4 October 2010

Lesson from a Razor

I was having a light conversation with a co-worker in one of our break times one time when the topic of discussion went to shaving. He asked me how often I shave. I told him that I shave every other day. He was curious because he runs the razor over his face every day but still have a 6 o'clock shadow a few hours after shaving. We compared shaving styles and the basic difference was that I shave against the grain while he doesn't.

I told him that he must shave against the grain because it cuts deeper. I concluded that this is the reason why his hair grows faster than mine. He was hesitant at first but I encouraged him to do it if he wants a cleaner and closer shave. And so he did.

Big mistake.

My co-worker is actually a mestizo. While his mom is a Filipina, his dad was an Arab. The reason why his hair grows faster is genetics. Aside from the fact that going against the grain did not really work for him, he had cuts all over his face. All because of my advice.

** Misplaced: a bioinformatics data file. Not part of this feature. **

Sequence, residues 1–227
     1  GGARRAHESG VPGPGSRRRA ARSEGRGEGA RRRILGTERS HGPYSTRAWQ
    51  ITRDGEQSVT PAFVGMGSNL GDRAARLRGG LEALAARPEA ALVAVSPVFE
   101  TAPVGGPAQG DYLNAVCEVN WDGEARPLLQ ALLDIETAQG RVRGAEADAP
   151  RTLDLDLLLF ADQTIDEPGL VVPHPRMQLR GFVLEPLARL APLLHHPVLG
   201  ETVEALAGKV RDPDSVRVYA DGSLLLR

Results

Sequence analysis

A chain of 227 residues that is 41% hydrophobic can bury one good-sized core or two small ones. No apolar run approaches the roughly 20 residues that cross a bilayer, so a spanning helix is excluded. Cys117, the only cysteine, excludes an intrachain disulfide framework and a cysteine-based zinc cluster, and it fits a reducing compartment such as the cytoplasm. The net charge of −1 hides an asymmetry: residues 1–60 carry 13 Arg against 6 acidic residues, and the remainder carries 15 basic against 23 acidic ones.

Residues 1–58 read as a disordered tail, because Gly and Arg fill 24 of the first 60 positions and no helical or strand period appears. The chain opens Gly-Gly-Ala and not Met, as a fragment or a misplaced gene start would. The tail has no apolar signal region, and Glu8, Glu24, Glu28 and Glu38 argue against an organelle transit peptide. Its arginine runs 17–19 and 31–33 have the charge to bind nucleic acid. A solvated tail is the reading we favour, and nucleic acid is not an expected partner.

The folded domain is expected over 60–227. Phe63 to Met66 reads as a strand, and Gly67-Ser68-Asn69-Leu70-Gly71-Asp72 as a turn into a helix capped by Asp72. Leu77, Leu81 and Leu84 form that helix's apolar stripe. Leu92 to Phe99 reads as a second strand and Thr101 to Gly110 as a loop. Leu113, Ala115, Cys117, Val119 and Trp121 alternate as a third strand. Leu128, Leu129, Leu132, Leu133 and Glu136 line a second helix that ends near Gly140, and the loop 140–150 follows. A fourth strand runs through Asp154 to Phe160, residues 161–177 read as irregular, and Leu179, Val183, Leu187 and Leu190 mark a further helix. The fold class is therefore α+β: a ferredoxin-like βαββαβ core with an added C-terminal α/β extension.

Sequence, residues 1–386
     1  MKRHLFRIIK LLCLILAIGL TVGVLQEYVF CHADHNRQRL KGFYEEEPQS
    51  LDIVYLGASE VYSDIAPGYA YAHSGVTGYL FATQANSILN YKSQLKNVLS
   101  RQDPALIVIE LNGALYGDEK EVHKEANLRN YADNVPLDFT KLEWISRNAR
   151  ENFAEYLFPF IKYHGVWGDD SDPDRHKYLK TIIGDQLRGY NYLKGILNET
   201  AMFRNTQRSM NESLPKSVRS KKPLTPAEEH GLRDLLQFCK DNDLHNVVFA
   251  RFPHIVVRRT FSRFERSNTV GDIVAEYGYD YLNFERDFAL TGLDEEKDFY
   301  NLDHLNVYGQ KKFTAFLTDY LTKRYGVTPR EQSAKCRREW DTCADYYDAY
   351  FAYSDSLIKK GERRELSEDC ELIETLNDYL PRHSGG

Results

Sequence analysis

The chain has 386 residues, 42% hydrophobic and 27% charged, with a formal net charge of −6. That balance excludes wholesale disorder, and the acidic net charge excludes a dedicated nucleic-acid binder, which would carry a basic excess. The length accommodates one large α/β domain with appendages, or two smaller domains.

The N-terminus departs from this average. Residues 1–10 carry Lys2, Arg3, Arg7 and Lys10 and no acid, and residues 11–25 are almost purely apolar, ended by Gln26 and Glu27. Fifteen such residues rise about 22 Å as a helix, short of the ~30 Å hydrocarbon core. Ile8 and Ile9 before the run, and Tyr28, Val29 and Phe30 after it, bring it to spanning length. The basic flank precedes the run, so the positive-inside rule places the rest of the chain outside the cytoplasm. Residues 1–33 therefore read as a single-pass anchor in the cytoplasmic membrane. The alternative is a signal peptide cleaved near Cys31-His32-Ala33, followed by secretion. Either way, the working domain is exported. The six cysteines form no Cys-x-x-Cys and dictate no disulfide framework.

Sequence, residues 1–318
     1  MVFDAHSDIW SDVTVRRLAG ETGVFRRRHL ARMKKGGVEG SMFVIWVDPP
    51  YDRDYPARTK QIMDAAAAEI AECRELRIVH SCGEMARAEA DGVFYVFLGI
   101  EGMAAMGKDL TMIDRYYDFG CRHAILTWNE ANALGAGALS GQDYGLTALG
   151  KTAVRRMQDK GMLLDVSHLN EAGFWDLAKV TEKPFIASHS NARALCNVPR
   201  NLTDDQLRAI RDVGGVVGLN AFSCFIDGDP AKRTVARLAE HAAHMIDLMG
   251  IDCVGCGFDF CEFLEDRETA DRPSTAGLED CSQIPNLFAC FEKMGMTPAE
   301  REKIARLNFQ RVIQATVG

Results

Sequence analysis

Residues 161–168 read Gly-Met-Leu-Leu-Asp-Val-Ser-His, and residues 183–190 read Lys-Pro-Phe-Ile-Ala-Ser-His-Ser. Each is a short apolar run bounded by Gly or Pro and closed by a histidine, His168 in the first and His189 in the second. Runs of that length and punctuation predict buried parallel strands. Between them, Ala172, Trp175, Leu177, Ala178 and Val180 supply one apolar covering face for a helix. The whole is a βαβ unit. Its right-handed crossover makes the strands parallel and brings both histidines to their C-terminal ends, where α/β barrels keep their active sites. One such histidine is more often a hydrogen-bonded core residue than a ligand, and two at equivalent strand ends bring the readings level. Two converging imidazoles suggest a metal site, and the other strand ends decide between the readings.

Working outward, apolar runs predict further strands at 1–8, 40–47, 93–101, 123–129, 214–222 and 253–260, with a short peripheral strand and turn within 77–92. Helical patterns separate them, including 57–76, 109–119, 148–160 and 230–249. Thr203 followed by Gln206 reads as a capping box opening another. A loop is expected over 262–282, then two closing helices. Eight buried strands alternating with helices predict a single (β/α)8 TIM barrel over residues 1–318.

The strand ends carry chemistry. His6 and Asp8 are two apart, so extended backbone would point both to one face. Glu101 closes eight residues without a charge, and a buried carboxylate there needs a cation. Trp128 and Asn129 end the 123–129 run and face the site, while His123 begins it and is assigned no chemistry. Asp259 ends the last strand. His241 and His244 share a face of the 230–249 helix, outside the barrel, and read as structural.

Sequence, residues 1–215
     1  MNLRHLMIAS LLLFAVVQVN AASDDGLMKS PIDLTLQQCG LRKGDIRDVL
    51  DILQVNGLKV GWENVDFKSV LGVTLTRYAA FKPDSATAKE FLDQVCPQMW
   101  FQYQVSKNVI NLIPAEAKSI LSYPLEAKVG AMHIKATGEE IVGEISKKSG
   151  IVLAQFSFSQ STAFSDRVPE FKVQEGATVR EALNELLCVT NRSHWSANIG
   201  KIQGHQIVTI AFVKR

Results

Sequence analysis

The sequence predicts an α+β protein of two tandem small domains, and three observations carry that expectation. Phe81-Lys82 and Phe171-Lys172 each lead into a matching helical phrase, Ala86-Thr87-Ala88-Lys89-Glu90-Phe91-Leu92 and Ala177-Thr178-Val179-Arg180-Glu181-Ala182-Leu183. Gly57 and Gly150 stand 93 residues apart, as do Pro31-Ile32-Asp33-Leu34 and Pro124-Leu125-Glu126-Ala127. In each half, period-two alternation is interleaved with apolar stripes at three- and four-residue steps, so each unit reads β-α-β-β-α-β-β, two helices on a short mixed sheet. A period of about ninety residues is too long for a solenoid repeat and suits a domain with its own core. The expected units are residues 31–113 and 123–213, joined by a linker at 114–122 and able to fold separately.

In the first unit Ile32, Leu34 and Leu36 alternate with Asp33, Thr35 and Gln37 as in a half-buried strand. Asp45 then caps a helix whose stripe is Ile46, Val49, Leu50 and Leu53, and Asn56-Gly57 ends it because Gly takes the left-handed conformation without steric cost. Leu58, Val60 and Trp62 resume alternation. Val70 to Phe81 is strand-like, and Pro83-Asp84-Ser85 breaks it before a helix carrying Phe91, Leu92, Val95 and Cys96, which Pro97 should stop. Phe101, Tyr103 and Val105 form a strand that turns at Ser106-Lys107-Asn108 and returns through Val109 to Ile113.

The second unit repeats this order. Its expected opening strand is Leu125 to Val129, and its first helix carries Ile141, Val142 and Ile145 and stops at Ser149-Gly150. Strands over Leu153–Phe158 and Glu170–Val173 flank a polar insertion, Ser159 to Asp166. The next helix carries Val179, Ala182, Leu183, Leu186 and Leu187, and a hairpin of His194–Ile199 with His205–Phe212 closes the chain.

I learned one important lesson that day and that is: what works for one may not work for another. Even for the same problem, solutions differ from one person to another for the simple reason that every human being is unique. Not just biologically but also in history and values. We should not insist on what we think is right because our biases can impede in the recognition that the other person is different.

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Post Script: I did learn that lesson but the fact remains I still don't practice it. I still try to impose my idea of what is right. I am not perfect, I am a work in progress. I am working on it.

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